The Core Imperial Cultures
The cultures in Imperia are divided into three groups, separated by space – one group at the centre of human space, another found arrayed around it, and a third, strangest and most unfamiliar of all, at its very fringes. Not all of the cultures will appear in every game – slightly more than half ought to show up on a normal-sized map – so each game you play should provide a unique cultural landscape to navigate. We’ll give you some glimpses of the weirder cultures in time, but today I’m going to restrict myself to summarising the history and character of the six core Imperial cultures – the cultures of your people at the beginning of the game.
Neomerican: The worlds described as ‘Neomerican’ are those most heavily influenced by the popular movement of the same name that took hold in the late 28th century. Against a largely small-t traditionalist background, this renaissance of ancient American culture (as filtered through a 28th-century Solarian worldview) infiltrated all areas of art, politics, and life. Notably, the publications of Neomerican public associations influenced writers and journalists far beyond the Neomerican Renaissance’s heartlands, leading to the foundation in the 29th century of The Solarian, by far the most widely-read news distributor in the Empire at the time of your accession to the throne.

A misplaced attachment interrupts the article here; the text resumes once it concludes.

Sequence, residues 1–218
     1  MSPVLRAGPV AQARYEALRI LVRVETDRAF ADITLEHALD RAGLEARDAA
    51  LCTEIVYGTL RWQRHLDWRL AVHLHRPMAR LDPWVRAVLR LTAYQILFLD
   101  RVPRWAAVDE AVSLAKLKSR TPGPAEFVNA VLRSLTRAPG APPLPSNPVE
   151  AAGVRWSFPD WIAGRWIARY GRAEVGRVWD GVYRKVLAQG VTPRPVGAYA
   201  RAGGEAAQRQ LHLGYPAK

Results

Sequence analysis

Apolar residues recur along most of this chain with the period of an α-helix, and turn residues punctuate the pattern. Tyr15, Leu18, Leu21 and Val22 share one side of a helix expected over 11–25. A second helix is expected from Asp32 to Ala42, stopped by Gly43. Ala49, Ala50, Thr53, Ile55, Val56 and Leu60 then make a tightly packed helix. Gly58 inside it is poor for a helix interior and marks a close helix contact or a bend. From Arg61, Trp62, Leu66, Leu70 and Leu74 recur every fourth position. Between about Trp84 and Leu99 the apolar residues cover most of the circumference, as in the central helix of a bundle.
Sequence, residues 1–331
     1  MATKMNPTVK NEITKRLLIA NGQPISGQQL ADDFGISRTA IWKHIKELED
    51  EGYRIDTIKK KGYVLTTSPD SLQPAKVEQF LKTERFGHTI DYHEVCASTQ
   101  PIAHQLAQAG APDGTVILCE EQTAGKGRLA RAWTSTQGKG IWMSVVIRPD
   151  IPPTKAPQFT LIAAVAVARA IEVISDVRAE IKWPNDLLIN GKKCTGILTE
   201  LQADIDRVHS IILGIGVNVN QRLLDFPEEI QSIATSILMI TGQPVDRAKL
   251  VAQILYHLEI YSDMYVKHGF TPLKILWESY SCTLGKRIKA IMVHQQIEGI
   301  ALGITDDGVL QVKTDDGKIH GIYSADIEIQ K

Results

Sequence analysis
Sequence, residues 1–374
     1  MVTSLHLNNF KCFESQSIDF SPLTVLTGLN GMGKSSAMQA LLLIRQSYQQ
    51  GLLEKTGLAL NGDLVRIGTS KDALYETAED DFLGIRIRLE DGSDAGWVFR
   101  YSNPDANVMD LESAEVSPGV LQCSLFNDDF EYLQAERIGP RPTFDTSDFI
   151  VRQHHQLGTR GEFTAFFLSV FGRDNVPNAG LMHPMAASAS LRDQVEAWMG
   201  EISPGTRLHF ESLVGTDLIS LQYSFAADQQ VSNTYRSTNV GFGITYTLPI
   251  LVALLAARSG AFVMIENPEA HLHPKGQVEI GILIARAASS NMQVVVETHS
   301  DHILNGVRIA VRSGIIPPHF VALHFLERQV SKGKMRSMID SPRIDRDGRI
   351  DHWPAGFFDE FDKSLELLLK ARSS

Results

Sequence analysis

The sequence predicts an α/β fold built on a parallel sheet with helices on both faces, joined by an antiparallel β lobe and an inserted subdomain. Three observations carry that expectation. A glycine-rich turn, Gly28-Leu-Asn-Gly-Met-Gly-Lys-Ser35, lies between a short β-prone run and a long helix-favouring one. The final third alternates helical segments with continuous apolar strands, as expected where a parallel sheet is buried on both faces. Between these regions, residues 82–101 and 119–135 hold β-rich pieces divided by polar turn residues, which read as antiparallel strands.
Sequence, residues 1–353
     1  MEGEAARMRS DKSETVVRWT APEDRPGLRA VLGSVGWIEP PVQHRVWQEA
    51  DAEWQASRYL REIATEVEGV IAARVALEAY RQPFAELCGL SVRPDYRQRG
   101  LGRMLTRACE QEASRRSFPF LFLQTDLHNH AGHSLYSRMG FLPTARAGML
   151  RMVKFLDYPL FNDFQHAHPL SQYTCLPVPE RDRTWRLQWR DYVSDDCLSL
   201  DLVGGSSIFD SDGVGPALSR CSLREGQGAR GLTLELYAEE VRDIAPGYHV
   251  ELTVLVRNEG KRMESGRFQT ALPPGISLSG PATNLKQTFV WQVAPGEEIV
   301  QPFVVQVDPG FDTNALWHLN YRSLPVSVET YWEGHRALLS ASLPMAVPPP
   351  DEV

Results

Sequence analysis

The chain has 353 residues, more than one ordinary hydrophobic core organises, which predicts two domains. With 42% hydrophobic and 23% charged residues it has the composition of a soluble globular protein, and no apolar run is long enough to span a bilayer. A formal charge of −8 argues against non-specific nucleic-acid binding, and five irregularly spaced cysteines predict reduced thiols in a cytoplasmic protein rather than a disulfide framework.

Traditionalist: Of all the Empire’s many social orders, ‘Traditionalist’ society is the most conservative and the most oriented towards implementing Solarian social doctrines. Traditionalism as it is today grew up around the families who formed the first oligarchic aristocracy of the Terran Alliance. The obvious problem they faced in the early years was how to justify their accumulation of wealth in what – in those first, hopeful days of the Exodus – seemed like a new start for Humanity, a chance to start again. The calamitous arrival of the Solarian revolution gave them an answer: the majority of the aristocratic families were early converts, forming the funding base of the Solarian Stewardship Party and propagating the ‘Wahhabaptist’ movement. They used public displays of piety and maintenance of the new Solarian church and customs to validate their preëminent position in society. The heartlands of the new faith became the heartlands of what would be thought of as Traditionalist culture, and among the foremost duties of Traditionalist scions has always been the maintenance of the perception that their society represents the divinely-ordained order of things. Their outspoken confidence in the righteousness of the Imperial way of doing things often belies a creeping doubt and fear of slipping ‘into shadow’ off the true path – like those Techniks, Mercantilists, and ‘Gilded World’ sybarites…